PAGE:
Kong: Skull Island

2017, Adventure/Sci-fi, 1h 58m

389 Reviews 50,000+ Ratings

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critics consensus

Offering exhilarating eye candy, solid acting, and a fast-paced story, Kong: Skull Island earns its spot in the movie monster's mythos without ever matching up to the classic original. Read critic reviews

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Movie Info

Scientists, soldiers and adventurers unite to explore a mythical, uncharted island in the Pacific Ocean. Cut off from everything they know, they venture into the domain of the mighty Kong, igniting the ultimate battle between man and nature. As their mission of discovery soon becomes one of survival, they must fight to escape from a primal world where humanity does not belong.

Cast & Crew

Tom Hiddleston
James Conrad
Samuel L. Jackson
Preston Packard
Brie Larson
Mason Weaver
John Goodman
Bill Randa
Corey Hawkins
Houston Brooks
John Ortiz
Victor Nieves
Toby Kebbell
Jack Chapman, Kong Mo-Cap Services
Will Brittain
Young Marlow, Marlow's Son
Miyavi
Gunpei Ikari
Richard Jenkins
Senator Willis
Allyn Rachel
Secretary O'Brien
Robert Taylor
Athena Captain
Terry Notary
Kong Mo-Cap Services
Dan Gilroy
Screenwriter
Max Borenstein
Screenwriter
Derek Connolly
Screenwriter
Eric McLeod
Executive Producer
Edward Cheng
Executive Producer
Larry Fong
Cinematographer
Henry Jackman
Original Music
Stefan Dechant
Production Design
Mary E. Vogt
Costume Designer
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Critic Reviews for Kong: Skull Island

Audience Reviews for Kong: Skull Island

  • May 31, 2021
    It's decent. Good acting. Good special effects. The original is still the best.
    Morris N Super Reviewer
  • Jan 29, 2021
    The best of the bunch of Legendary's MonsterVerse, Kong: Skull Island is an exhilarating, frantic ride through Kong's homeland. Kong sports an excellent ensemble cast with Samuel Jackson, Brie Larsen, Tom Hiddleston, John Goodman and John C. Reilly, and it doesn't make you wait like the Godzilla movies to present its "biggest" star (sorry, couldn't resist the pun). Kong makes his presence known in a fantastic three minute prequel. And at the 30 minute mark, one of the best big monster action scenes takes place. As the army helicopters drop charges across the jungle to Black Sabbath's "Paranoid," a tree hurls itself straight into the windshield of one of the helicopters and all hell lets loose. The shot of Kong silhouetted against the setting sun with helicopters in slo-mo approaching is absolutely iconic. And there's the shot of a flying body taking out a helicopter. How cool is that? The problem with having that scene so early (which I loved), is that you get so pumped up but you have another 90 minutes to go with the usual middle arc slow filler. But overall, Director Jordan Vogt-Roberts has crafted a thrill ride of an action movie. The cinematography is just top notch. His take on Kong? Director Vogt-Roberts wanted Kong to feel like a "lonely god, he was a morose figure, lumbering around this island," and took the design back to the 1933 incarnation, which presented Kong as a "bipedal creature that walks in an upright position." With the upcoming release of Godzilla vs. King Kong, fans are taking sides on social media. I like both equally, but I have to pick Kong based on the latest movies.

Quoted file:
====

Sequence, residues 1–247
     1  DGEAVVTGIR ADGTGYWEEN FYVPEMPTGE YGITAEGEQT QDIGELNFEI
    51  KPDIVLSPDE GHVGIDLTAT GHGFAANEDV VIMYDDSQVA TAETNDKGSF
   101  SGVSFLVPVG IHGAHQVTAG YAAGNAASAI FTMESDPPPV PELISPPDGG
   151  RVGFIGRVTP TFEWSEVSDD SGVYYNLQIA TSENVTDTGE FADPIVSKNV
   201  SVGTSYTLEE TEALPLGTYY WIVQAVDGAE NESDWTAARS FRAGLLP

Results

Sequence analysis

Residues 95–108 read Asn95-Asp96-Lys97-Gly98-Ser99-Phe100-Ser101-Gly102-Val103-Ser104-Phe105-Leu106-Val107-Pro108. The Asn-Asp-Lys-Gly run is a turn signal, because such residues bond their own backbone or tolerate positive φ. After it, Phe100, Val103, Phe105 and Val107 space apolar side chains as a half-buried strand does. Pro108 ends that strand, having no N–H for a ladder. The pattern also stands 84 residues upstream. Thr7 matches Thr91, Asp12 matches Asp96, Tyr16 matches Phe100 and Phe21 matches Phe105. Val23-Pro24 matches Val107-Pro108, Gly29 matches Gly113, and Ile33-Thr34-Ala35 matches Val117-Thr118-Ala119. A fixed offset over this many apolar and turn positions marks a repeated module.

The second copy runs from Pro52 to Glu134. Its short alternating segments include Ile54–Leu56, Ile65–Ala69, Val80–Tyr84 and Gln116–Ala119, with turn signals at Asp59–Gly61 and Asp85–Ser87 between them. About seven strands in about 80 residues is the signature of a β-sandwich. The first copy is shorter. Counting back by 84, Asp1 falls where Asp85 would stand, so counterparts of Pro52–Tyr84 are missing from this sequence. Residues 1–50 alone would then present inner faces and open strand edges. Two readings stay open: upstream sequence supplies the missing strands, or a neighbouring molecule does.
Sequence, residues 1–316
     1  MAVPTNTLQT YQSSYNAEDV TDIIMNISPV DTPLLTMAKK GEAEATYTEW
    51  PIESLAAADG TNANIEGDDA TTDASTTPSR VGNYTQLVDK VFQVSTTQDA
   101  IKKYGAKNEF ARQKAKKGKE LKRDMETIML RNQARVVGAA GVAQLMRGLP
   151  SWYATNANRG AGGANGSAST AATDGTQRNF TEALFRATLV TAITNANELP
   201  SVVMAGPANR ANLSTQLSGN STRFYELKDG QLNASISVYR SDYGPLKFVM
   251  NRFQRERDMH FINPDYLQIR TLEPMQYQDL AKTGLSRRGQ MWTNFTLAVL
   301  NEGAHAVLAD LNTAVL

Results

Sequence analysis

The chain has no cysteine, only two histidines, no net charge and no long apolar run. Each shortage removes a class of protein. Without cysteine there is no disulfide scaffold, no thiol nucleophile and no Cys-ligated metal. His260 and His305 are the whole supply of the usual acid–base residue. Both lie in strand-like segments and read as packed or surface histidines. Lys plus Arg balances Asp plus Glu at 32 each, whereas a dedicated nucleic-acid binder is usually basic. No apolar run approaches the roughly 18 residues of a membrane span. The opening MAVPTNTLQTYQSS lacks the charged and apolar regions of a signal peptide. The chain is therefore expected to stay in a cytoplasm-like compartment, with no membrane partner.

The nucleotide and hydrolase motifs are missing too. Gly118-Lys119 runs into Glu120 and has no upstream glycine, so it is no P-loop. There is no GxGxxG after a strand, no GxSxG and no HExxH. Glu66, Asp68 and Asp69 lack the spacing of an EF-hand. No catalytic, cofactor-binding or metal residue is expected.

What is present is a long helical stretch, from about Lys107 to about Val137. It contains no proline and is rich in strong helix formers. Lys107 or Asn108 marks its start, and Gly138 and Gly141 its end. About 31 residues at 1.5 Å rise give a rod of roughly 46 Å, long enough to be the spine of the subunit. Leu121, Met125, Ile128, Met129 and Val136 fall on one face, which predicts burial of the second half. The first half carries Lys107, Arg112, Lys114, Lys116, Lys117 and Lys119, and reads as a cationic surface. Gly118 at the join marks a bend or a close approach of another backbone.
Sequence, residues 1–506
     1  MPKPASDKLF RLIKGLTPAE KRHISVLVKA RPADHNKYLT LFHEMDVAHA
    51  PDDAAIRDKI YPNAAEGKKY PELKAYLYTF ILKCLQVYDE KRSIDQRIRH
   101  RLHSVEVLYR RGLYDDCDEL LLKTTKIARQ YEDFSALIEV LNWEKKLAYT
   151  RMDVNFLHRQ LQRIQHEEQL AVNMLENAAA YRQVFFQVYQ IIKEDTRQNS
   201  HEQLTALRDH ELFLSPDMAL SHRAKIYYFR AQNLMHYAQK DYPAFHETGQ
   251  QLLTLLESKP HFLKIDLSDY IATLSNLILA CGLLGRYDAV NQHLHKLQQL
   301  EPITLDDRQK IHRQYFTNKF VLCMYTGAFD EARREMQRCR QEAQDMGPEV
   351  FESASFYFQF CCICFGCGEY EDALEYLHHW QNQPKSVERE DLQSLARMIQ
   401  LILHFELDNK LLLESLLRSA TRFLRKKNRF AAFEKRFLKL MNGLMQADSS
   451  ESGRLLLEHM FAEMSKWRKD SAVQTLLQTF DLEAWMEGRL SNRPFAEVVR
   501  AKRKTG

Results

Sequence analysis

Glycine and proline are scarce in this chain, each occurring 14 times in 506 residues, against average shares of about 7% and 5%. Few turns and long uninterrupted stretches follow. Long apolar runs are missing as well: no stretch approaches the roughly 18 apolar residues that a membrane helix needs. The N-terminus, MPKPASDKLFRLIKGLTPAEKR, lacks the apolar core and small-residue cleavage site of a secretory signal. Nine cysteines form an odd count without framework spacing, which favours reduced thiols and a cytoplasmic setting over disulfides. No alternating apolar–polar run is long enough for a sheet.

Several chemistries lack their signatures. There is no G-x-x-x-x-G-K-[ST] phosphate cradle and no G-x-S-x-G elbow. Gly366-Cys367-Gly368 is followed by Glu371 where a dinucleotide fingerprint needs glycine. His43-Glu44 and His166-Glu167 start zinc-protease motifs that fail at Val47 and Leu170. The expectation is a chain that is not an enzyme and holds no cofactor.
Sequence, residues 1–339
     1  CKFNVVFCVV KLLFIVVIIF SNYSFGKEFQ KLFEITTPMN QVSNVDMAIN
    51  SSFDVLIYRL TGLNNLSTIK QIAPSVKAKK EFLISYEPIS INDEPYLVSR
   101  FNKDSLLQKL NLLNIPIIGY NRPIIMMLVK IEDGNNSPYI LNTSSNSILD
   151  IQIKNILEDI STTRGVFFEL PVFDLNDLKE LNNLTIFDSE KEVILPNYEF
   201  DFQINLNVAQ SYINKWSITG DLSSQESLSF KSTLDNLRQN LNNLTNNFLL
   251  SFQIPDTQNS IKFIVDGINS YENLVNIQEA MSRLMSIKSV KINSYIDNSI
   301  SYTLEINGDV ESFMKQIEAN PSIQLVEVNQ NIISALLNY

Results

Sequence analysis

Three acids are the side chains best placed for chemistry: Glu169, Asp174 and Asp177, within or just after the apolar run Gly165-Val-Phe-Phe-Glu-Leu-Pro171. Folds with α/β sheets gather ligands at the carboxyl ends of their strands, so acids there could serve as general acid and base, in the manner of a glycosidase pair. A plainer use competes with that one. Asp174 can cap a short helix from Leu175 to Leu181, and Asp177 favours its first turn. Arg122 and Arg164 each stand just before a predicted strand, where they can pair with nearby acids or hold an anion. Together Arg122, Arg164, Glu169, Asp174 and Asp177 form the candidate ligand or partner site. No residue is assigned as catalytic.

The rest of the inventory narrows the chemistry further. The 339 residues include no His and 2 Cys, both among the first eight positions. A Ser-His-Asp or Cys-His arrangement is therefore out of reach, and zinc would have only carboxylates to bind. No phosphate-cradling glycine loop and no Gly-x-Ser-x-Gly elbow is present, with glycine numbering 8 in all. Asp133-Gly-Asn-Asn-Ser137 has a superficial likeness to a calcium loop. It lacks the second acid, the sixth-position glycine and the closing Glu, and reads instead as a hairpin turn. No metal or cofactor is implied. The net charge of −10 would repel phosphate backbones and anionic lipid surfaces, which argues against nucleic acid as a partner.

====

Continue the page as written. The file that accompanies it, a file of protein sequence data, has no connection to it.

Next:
Mark B Super Reviewer
  • Jun 18, 2019
    The pacing and screenwriting fail to match up with the impressive cast and visuals. The film seems to waver between monster-thriller and goofy-comedy, and it most likely would've worked better if it had committed to one of the aforementioned genres.
    Spencer M Super Reviewer
  • Dec 08, 2018